Hollywood Studios, Stars Rally To Raise Funds And Help Workers And "Worst Off" In Coronavirus Pandemic

Every industry has been hit hard by the coronavirus (COVID-19) pandemic, as work in every area from Wall Street to small businesses to Hollywood has ground to a halt in nationwide efforts to curb the spread of the virus. But essential workers and medical professionals are still getting exposed to the virus daily, many of whom hail from low-income communities who can't afford to stay home. To help the people on the front lines of the coronavirus pandemic, major Hollywood studios, companies, stars, and crew workers are rallying together to raise funds or send much-needed equipment to essential and medical workers.

Donations and Funds Go to Medical Equipment, and the "Worst Off"

Los Angeles Mayor Eric Garcetti announced that some of Hollywood's most powerful figures — including former Disney CEOs Bob Iger and Jeffrey Katzenberg, director Steven Spielberg, and more — are donating half a million dollars each to the city's efforts to fight the coronavirus pandemic. Deadline reports that the Mayor, in his daily briefing on the health crisis, revealed that LA has received at least six $500,000 donations from the Hollywood bigwigs, which will be going to hospitals and medical facilities that are already starting to be overwhelmed by coronavirus cases and those "who are the worst off in this city," Garcetti said:

"In fact, tonight we received new commitments of half a million dollars each from Willow Bay and Bob Iger, from Marilyn and Jeffrey Katzenberg, from Kate Capshaw and Steven Spielberg, from Ellen Bronfman Hauptman and Andrew Hauptman, from Meg Whitman and Griffith Harsh, and from Casey and Laura Wasserman."

On the other side of the pond, X-Men star James McAvoy donated £275,000 ($340,000) to a crowdfunding campaign to raise money for protective equipment for the United Kingdom's National Health Service (NHS) staff. The Masks 4 Heroes campaign was launched by a group of NHS medics and doctors who are pleading for protective equipment for masks, visors, and gloves, all of which have seen startling shortages in countries who are starting to see the worst of the outbreak.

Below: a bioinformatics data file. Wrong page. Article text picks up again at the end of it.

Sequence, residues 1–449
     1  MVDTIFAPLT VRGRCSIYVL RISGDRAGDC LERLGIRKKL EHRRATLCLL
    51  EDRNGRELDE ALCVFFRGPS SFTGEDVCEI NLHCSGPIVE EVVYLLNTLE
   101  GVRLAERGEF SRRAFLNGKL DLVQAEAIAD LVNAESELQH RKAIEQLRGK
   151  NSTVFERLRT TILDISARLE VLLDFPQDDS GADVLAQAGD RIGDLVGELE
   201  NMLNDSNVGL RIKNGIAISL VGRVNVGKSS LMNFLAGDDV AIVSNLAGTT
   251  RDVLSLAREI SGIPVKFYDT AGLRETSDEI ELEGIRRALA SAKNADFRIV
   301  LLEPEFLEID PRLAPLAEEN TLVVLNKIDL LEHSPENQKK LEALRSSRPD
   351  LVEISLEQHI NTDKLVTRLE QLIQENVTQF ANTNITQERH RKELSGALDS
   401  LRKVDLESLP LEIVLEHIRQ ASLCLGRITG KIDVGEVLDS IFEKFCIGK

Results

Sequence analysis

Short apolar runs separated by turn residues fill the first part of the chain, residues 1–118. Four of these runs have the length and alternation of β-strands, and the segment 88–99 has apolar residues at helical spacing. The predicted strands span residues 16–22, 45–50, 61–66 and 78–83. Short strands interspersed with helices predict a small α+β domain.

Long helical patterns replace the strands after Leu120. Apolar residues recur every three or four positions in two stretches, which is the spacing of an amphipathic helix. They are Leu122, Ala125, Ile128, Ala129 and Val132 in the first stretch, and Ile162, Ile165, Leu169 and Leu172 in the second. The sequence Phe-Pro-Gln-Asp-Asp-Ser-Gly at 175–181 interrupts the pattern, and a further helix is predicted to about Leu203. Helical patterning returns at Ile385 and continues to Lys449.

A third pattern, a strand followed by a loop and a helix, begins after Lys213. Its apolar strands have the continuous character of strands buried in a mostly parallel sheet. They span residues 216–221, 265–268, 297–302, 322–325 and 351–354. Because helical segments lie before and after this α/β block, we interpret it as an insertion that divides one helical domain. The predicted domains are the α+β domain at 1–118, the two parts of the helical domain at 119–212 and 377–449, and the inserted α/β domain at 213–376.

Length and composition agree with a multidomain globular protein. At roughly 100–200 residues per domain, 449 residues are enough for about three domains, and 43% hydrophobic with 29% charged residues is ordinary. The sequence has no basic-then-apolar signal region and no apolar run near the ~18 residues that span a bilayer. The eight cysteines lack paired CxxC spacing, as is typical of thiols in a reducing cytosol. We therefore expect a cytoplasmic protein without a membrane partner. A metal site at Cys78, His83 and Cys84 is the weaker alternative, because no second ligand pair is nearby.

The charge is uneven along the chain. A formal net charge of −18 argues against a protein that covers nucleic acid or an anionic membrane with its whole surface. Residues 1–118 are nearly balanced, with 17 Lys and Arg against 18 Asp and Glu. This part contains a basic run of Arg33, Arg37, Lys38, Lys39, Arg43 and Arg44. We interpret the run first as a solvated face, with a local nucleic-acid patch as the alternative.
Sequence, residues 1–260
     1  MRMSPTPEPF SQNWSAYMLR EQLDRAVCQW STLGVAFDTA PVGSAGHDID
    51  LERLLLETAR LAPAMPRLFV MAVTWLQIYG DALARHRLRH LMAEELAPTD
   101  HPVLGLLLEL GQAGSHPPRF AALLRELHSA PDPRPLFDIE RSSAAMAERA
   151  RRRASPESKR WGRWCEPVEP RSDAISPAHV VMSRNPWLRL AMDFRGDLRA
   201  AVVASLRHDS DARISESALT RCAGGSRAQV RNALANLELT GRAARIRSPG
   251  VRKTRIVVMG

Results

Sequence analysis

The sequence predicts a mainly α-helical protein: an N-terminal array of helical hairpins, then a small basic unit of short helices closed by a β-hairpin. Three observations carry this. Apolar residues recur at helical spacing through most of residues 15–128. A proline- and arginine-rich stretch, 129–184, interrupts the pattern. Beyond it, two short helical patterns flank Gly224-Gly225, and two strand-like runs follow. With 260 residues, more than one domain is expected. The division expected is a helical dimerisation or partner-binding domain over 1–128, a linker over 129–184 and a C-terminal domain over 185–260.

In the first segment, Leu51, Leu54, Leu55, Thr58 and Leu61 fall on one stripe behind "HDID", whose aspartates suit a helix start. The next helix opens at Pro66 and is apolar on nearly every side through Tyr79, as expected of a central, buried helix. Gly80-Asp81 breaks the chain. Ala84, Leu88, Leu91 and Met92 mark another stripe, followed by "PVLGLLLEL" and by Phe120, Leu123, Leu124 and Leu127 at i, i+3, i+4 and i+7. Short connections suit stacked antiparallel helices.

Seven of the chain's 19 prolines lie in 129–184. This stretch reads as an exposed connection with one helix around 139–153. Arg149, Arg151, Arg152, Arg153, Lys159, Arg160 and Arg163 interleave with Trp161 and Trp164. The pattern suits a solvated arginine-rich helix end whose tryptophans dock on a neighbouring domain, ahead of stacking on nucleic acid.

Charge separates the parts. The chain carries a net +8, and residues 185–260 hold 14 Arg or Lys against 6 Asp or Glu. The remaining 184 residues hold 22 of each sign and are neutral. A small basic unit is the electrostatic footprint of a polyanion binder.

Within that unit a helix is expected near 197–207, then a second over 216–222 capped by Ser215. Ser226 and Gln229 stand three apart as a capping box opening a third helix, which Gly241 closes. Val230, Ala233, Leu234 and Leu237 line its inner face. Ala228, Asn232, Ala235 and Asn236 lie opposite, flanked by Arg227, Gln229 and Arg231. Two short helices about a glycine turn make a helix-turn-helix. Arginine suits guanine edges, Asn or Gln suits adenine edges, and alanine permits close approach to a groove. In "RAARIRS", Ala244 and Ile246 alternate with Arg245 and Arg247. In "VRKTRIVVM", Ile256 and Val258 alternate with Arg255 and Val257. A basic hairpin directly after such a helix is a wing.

"The situation is truly urgent and time is of the essence," McAvoy said in the above video message announcing his donation.

Meanwhile, below-the-line workers in the U.K. entertainment industry are getting another boost thanks to a BBC pledge to make a £500,000 ($612,000) donation to the COVID-19 Film and TV Emergency Relief Fund set up by the BFI and the U.K.'s Film and TV Charity, according to Deadline. The BBC follows in the footsteps of Netflix's pledge to donate £1 million to the fund, which provides short-term relief for active workers and freelancers whose livelihoods have been upended by shuttered productions in the U.K. The BBC has also committed an additional £200,000 to the Film and TV Charity's two-year mental health action plan known as the Whole Picture Programme. .

Meanwhile, Facebook CEO Mark Zuckerberg is pledging $100 million to another industry that is still working away, but hasn't received as much attention as essential or medical workers. On his Facebook page on Monday, Zuckerberg pledged $100 million to support news outlets whose businesses have taken a hit by the coronavirus crisis, committing $25 million to "emergency grant funding" for local outlets in particular.

The Monday announcement adds to the $300 million that Facebook has already committed to news organizations. There aren't details yet on how the funds will be allocated, but Facebook said that the first batch of funds will go towards companies in the U.S. and Canada such as The Post and Courier in South Carolina.

Costume Designers Sew Scrubs for Medics

Costume makers for the BBC and HBO drama His Dark Materials are taking medical supply shortages into their own hands — literally. The costume department is making scrubs for British medics who are treating coronavirus with the Helping Dress Medics initiative, which has raised more than £8,000 ($10,000) on GoFundMe to supply protective clothing to local hospitals. The initiative, which is also backed by Downton Abbey costume designer Caroline McCall, uses the funds to provide materials while the costumers make scrubs and more for free.

"We are liaising with hospital staff directly in the areas we live and taking advice from them about what they need, so that we can specifically help them. The nature of how the virus is spread means that the demand for scrubs is especially high," Scott said on GoFundMe.

Disney Executives Take Pay Cuts

The Walt Disney Company announced that executive chairman Bob Iger will forgo his entire salary while new CEO Bob Chapek takes a 50% pay cut until the company makes a "substantive recovery." According to an email sent from Chapek to Disney employees, obtained by The Hollywood Reporter, Disney's top executives are taking the pay cuts in the face of the company's massive financial losses as film releases like Mulan and Black Widow get delayed amid coronavirus concerns and theme parks close. In addition, all vice presidents "will have their salaries reduced by 20 percent, SVPs by 25 percent and EVPs and above by 30 percent" effective April 5.

The top brass taking pay cuts is a good move from Disney, which employs thousands of workers across the world. In a massive company like Disney, it's often the lower-paid workers who are affected first by financial downturns like the one we're currently experiencing, but Iger and Chapek's salary cuts could slow lay-offs, or at least be taken as a gesture of goodwill. Iger earned $47.5 million as chairman and CEO in the latest fiscal year, while Chapek's base salary as CEO is $2.5 million with an annual target bonus of $7.5 million